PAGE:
Testing Things Out
Before starting, it is probably best to kill off all the SAMBA related daemons running on your server. Kill off
all smbd, nmbd, and winbindd processes that may be running. 

Configure and compile SAMBA
The configuration and compilation of SAMBA is pretty straightforward. The first three steps may not be
necessary depending upon whether or not you have previously built the Samba binaries.
root# autoconf
root# make clean
root# rm config.cache
root# ./configure --with-winbind --with-pam
root# make
root# make install

This will, by default, install SAMBA in /usr/local/samba. See the main SAMBA documentation if you
want to install SAMBA somewhere else. It will also build the winbindd executable and libraries.

Configure nsswitch.conf and the winbind libraries
The libraries needed to run the winbindd daemon through nsswitch need to be copied to their proper
locations, so
root# cp ../samba/source/nsswitch/ /usr/lib
I also found it necessary to make the following symbolic links:
root# ln -s /usr/lib/ /usr/lib/
root# ln -s /usr/lib/ /usr/lib/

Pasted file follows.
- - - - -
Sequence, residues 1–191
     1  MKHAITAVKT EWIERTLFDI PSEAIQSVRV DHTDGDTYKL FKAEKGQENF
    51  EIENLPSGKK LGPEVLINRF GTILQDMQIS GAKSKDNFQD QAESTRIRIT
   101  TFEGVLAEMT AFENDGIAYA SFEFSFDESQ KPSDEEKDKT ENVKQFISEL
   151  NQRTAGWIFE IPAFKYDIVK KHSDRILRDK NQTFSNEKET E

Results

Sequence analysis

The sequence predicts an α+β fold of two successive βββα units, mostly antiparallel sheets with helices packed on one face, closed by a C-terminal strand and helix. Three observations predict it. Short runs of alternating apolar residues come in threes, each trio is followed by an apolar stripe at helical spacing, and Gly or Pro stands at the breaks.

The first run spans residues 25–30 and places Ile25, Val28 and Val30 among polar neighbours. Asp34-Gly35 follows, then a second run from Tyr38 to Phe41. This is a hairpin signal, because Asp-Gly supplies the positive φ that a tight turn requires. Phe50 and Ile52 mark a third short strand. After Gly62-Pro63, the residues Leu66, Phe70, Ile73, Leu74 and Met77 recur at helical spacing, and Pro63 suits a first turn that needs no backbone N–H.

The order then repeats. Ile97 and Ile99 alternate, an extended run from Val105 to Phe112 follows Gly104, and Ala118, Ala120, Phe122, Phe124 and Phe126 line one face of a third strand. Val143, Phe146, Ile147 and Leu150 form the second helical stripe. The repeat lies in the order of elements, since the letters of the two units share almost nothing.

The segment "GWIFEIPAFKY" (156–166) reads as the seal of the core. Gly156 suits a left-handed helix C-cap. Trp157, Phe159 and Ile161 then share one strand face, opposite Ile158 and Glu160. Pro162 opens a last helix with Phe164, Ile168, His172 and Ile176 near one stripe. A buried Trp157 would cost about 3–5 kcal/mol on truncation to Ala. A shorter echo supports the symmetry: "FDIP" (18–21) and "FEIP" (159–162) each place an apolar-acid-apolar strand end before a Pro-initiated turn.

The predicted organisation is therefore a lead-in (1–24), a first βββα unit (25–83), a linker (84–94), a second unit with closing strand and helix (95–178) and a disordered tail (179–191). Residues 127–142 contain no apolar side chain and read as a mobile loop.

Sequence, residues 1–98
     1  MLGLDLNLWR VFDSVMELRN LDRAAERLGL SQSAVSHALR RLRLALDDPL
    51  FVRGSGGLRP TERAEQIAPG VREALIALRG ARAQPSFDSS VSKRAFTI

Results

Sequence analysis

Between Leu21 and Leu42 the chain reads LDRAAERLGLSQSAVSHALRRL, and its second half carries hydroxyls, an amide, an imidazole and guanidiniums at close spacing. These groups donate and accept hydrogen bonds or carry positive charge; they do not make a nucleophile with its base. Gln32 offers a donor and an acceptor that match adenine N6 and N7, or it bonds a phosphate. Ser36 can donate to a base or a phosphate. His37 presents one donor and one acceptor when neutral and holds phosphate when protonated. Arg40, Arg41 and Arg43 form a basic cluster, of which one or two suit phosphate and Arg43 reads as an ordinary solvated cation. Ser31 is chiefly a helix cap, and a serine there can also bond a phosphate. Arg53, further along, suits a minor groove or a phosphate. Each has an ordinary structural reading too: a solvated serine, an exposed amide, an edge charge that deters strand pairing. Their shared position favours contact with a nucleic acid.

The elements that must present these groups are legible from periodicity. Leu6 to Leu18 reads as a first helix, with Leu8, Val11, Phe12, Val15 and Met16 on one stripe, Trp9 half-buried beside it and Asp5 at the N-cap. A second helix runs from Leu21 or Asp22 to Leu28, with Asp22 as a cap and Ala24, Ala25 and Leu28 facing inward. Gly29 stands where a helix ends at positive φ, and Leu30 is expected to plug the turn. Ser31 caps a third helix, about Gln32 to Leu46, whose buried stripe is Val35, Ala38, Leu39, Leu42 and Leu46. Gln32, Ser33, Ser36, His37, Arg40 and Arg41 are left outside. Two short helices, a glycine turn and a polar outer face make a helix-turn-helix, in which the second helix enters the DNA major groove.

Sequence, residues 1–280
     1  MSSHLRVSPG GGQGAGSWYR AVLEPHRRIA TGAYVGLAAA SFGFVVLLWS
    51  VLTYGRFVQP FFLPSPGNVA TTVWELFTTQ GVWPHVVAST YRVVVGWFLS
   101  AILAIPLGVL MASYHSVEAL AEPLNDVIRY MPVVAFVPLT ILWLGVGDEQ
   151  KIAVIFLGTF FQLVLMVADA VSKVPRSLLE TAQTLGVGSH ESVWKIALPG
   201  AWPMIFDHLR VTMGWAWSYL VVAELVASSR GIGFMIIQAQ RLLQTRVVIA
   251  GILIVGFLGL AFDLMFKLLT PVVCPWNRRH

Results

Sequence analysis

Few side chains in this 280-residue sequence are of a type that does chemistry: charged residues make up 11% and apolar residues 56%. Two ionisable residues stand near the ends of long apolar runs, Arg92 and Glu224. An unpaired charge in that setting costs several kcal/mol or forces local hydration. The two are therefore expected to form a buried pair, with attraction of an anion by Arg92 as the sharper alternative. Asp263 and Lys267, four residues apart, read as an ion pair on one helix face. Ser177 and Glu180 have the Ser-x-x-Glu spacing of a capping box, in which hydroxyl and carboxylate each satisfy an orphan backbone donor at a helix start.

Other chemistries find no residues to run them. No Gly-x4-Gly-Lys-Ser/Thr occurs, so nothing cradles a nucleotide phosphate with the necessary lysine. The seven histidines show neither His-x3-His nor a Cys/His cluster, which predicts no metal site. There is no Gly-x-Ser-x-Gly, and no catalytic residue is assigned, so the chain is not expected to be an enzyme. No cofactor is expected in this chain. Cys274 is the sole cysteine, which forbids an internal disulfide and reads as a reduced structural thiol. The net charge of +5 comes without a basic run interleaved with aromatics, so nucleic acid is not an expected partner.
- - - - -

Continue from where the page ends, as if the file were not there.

root# ln -s /usr/lib/ /usr/lib/
root# ln -s /usr/lib/ /usr/lib/

Now, as root you need to edit /etc/nsswitch.conf to allow user and group entries to be visible from the winbindd daemon. My /etc/nsswitch.conf file look like this after editing:
passwd: files winbind
group: files winbind

Configure smb.conf
Several parameters are needed in the smb.conf file to control the behavior of winbindd. Configure smb.conf These are described in more detail in the winbindd(8) man page. My smb.conf file was modified to include the following entries in the [global] section:
# The previous documentation says to as the "winbind seperator " #directive also but it is no longer supported.
# use uids from 10000 to 20000 for domain users
winbind uid = 10000-20000
# use gids from 10000 to 20000 for domain groups
winbind gid = 10000-20000
# allow enumeration of winbind users and groups
winbind enum users = yes
winbind enum groups = yes
# give winbind users a real shell (only needed if they have telnet access)
template homedir = /home/winnt/%D/%U
template shell = /bin/bash

Join the SAMBA server to the PDC domain
Enter the following command to make the SAMBA server join the PDC domain, where DOMAIN is the name
of your Windows domain and Administrator is a domain user who has administrative privileges in the
root# /usr/local/samba/bin/smbpasswd -j DOMAIN -r PDC -U Administrator
The proper response to the command should be: "Joined the domain DOMAIN" where DOMAIN is your
DOMAIN name.

Start up the winbindd daemon and test it!
Eventually, you will want to modify your smb startup script to automatically invoke the winbindd daemon
when the other parts of SAMBA start, but it is possible to test out just the winbind portion first. To start up
winbind services, enter the following command as root:
root# /usr/local/samba/bin/winbindd